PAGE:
22 September 2015
At the Bottom of the Paper Pond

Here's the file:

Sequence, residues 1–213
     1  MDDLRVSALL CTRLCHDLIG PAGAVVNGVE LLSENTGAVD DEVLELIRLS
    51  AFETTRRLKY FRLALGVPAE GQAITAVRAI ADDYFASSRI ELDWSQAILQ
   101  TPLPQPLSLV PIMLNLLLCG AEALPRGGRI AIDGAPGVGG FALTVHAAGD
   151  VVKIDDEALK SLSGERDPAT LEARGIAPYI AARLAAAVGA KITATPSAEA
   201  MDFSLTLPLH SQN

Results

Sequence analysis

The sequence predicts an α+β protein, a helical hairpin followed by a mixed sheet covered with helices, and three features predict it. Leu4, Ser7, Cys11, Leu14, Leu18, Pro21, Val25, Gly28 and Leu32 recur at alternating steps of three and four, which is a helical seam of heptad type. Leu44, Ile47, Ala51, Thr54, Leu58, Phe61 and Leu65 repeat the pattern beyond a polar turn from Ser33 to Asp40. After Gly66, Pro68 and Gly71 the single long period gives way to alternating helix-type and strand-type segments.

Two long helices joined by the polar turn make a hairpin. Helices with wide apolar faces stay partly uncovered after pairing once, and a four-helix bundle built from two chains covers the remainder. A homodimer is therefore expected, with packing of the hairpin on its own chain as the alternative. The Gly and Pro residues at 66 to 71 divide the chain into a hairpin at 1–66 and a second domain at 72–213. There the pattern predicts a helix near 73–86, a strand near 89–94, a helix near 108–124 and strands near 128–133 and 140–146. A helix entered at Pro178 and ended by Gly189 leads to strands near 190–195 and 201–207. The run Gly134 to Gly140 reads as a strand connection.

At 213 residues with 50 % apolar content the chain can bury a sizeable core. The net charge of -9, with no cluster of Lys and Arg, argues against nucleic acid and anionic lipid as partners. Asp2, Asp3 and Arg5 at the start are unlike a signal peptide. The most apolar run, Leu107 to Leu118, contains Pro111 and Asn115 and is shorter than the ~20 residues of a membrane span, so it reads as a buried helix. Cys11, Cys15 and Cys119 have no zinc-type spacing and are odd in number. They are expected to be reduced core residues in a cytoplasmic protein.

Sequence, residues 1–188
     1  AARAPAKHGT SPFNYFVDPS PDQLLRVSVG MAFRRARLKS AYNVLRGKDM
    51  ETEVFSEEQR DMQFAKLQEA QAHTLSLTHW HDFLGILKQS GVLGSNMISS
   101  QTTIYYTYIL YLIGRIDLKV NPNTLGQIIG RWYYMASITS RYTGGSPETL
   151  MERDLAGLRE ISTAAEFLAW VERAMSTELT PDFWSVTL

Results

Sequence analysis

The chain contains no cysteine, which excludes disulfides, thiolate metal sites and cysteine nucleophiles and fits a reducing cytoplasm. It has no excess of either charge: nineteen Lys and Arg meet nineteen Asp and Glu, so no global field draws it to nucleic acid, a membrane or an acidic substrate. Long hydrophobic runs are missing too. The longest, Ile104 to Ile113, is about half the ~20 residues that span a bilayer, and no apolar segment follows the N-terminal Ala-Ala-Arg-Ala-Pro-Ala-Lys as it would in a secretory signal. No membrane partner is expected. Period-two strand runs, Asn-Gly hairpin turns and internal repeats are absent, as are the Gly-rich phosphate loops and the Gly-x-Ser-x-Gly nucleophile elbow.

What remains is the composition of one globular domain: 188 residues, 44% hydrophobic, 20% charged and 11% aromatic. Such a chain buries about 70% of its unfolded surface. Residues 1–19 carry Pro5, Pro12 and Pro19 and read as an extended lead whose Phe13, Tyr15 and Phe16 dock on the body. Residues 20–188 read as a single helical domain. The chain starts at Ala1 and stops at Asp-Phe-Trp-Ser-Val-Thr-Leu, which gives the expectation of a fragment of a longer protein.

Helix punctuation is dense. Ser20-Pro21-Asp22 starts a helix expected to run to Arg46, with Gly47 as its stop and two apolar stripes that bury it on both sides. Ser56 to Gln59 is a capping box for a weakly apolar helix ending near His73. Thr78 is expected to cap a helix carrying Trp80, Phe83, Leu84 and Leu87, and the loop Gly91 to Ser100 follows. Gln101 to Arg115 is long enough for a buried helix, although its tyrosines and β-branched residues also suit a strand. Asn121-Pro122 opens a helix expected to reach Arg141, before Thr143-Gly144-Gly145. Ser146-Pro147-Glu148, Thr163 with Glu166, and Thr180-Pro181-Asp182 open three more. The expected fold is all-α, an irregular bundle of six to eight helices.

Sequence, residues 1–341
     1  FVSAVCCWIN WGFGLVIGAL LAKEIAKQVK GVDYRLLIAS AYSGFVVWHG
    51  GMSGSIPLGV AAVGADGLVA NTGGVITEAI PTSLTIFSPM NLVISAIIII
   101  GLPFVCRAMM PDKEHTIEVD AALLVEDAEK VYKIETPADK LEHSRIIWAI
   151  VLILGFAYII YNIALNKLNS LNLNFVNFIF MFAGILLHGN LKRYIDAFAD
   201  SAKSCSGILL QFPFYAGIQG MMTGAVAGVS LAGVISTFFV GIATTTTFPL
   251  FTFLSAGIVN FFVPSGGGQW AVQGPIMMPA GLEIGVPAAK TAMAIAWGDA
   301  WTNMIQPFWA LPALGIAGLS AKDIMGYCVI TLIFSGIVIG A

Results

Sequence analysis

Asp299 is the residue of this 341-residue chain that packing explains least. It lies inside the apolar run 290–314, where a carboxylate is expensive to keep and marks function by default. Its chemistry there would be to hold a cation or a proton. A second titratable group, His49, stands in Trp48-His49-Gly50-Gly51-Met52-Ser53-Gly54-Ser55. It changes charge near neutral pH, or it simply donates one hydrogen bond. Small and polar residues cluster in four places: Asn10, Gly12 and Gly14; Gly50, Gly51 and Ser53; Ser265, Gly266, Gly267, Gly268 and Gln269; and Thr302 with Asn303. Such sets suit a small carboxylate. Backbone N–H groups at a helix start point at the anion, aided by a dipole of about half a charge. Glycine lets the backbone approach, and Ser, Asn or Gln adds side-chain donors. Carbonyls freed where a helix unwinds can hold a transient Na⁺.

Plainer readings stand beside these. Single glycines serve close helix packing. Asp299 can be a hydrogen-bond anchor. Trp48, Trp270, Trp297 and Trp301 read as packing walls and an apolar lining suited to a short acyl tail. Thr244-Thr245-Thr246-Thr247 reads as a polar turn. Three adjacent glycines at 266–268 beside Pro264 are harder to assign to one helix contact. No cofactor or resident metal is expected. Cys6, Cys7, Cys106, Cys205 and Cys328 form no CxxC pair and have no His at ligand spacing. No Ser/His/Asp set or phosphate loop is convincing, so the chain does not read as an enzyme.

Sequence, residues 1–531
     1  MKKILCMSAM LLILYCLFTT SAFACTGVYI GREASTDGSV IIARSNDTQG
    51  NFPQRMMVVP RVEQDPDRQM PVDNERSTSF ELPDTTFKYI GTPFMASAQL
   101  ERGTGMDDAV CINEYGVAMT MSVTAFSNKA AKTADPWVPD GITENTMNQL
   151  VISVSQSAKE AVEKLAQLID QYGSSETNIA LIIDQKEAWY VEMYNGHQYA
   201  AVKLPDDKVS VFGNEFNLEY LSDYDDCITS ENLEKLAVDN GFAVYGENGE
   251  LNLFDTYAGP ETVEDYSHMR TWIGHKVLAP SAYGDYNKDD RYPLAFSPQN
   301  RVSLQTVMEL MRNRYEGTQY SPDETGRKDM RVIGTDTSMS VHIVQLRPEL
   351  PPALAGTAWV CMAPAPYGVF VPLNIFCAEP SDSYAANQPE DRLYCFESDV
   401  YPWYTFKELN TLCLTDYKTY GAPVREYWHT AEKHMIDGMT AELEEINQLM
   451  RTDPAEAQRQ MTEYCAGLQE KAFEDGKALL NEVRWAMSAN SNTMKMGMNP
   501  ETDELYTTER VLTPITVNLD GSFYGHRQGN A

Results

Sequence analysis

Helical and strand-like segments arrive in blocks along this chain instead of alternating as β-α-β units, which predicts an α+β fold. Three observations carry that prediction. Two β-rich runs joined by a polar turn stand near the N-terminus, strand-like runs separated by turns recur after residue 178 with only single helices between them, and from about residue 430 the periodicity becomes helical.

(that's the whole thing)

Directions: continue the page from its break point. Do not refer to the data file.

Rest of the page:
Papers that come out for a new species beyond description usually fall into a few categories. There are phylogenetic and familial papers. These can be interesting reads as they take the descriptions one step further and discuss how those descriptions relate to other fossil and sometimes living taxa. There are "new material" papers that add to the description of the original material and sometimes add to our knowledge of the skeletal anatomy (rarely but wonderfully they can also add to our knowledge of the soft anatomy) of animals. The description of new material of Beelzebufo is significant because amphibians have a sketchy fossilization ability as is. The original material of Beelzebufo is actually nicely preserved and somewhat substantial, but additional material is never a bad thing. Strangely, searching Google Scholar, the hits on Beelzebufo very quickly become papers with snippets about the frog in Spanish, Italian, and what I think may be Norwegian (it is certainly Germanic). However, the three papers above are more than enough for a day's reading on a giant frog; if there is such a thing. Reading about giant frogs is actually quite interesting and fun.